Memo January 2008
A memo sent to correspondents, friends and acquaintances of the Budapest Observatory (BO) in January 2008
As forecast in the last memo, you shall read about EYID, which stands for the European year of international dialogue - the Year.
Cultural action in today's Europe, especially when it is about creating something new (performance, exhibition, novel etc), is increasingly intercultural. Cultural borrowing, cross-fermentation and other kinds of interaction are taking place at growing frequency and ease, whether encouraged or discouraged by politicians. Especially in the west, where out-of-Europe migrants, the main focus of the Year, are concentrated.
The European public has largely acknowledged this development, as is proven by the first sentence of the Eurobarometer report on the subject: "Almost three-quarters of EU citizens believe that people with a different background (ethnic, religious or national) enrich the cultural life of their country; 23% indicated that such cultural diversity even highly enriched their country's cultural life". Good scores, before the Year even started.
Paradoxically, putting the accent on dialogue endorses a lower stage of relationship than interaction, leading to new qualities. Dialogue implies communication also between distinct, disinfected cultures.
The hidden agenda of the Year is conflict prevention. To transpose cultural dialogue into social, religious, ethnic and national reconciliation is no easy task. Could even more top-down campaigns of peoples' friendship have prevented the conflicts in the Soviet Union and Yugoslavia?
The great merit of Ján Figel's initiative is that it has put culture in a wider context.
Here is an example. A broad coalition of civil society organisations "believes that the underlying aim of Intercultural Dialogue must be to reduce social, economic and political tensions" and wants to maintain the momentum of the year and turn it into a permanent revolution activity. Don't fret, not a touch of Marxism, the economic bases are not perceived in the Rainbow Paper, capital is "social" in this context.
Modest means, rational scope
The Year has started alright. Its opening was aptly exploited by the first EU Presidency from our region, Slovenia, to perform a soft take-off. The web site of the Year shows a dynamic, decentralised treatment: updated daily, reporting about events all around Europe. Involving many partners. Refraining from bombastic mega-events. Inevitably, much of the programme is talk, talk, talk. Sure: διά λόγος means via speech. The closing recommendation of a solitary early sceptic was not taken.
BO, however, finds its cautious early optimism well founded. It is difficult to expect greater effects from the modest budget of ten million euro. (Here is a benchmark: one country in our region is spending about 50% more on its Year of Renaissance, on the 550th anniversary of the coronation of its last medieval king. More causa iubilandi needed? "The year may also be considered as a symbol of Renaissance because in the present era our world is changing profoundly".)
Even more modest means
Smaller in scope is the intercultural cities project of the Council of Europe and the European Commission (strangely BO failed to find references to it on the site of the Year). The project almost entirely consists of field work, seeks to manage diversity by designing comprehensive intercultural city strategies.
The participating cities - twelve are preparing to do so, including four from our region: Craiova, Lublin, Melitopol and Subotica - need to invest into the exercise, as there seems to be no final central budget as yet.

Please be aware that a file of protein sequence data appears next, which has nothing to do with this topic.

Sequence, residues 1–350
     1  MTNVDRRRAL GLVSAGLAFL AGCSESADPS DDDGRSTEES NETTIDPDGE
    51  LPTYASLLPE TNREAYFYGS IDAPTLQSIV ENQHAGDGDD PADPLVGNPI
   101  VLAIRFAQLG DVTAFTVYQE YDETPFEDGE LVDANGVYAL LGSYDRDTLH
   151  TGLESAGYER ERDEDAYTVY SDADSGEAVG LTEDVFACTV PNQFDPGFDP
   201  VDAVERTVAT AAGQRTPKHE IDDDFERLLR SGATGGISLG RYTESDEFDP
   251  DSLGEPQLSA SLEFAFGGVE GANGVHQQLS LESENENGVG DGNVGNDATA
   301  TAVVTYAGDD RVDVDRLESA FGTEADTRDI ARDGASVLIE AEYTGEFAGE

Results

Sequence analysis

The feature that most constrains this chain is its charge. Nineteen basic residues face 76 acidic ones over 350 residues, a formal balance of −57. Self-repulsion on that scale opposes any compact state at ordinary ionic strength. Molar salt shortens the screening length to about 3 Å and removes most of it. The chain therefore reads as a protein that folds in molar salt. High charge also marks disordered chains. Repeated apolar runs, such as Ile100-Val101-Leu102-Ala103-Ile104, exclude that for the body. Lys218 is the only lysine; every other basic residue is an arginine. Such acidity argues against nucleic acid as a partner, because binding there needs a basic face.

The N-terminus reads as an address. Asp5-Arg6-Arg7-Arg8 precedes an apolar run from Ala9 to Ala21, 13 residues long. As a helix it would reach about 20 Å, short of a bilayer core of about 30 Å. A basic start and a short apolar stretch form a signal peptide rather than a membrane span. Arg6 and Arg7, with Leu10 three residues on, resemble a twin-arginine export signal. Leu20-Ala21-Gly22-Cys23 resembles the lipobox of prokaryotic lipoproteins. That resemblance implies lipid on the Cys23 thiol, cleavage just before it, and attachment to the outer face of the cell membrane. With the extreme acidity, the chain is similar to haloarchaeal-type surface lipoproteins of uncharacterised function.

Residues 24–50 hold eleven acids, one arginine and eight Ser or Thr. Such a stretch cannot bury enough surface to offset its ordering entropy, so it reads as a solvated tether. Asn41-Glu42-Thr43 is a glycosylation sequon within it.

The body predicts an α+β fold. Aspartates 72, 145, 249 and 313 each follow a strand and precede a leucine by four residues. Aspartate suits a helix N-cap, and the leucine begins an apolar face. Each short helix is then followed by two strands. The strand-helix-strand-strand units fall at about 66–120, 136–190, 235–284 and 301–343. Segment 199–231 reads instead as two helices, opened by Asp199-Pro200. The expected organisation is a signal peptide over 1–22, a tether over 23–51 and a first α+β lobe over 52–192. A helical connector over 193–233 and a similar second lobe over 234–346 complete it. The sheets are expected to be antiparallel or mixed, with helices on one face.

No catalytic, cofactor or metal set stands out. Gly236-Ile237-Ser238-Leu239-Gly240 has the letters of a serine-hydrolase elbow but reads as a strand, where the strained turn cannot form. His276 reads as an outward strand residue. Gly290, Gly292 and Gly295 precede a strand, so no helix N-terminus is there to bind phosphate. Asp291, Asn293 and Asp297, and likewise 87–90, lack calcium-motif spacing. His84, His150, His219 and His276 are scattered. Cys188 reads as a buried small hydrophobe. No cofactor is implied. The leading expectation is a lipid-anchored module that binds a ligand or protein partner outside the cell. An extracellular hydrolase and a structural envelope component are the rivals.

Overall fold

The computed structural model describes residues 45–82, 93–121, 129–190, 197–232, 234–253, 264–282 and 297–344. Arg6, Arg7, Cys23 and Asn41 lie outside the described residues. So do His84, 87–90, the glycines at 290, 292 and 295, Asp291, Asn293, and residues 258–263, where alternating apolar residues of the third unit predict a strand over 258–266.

Festivals and cities
Still about urban culture: you must be quick (see here how quick) if you want to share your views about the urban impact of artistic festivals. They will be discussed in, and using the experiences of, a city that consciously uses festivals for defining and designing itself: Helsinki.
Past and present capitals
New year, new European capitals of culture. Liverpool 2008 indeed started with a big bang. The event, supposed "to encourage a sense of belonging to the same European community", is presented in the British press almost exclusively as a measure to boost the economy: about 140 million euros in - an extra two million visitors out, a no nonsense investment. Fellow capital Stavanger 2008 is not communicated in similar commercial terms, with a budget of less than a third than in Liverpool. (The two, and more, are compared here.)
Sibiu 2007 seems to have achieved a fine balance between material and spiritual goals, and between urban development and artistic achievement - let me know if I am wrong. (It is a pity that the web site makes no attempt at final conclusions in English.)
Several cities in our region are preparing or hoping to act as capitals of culture.
Vilnius 2009 is a national project, headed by the prime minister, with the culture minister as his deputy (almost like "our party and state"...), with six specific plan figures - this heaviness is counterbalanced by the lightness of the site and indeed frequent references to light (and darkness).
Pécs 2010 is still a prisoner of the conception of a major urban regeneration investment exercise, and is struggling with the challenge of turning about 130 million euros into brick and mortar during the remaining 24 months - dissipating its energies from programming.
The budget of Tallinn 2011 is 37 million euros, without urban investment. For 2012 Maribor does not seem to have competitors in Slovenia, while in Slovakia four cities are in the 2013 quarter-final: Nitra, Kosice, Martin and Presov.
How to define the convergent and divergent features of three national cultural policies during one and a half hours? This will be tried several times on the 7th and 8th of March, in the frames of the LOW Festival that brings Dutch and Flemish art to Budapest.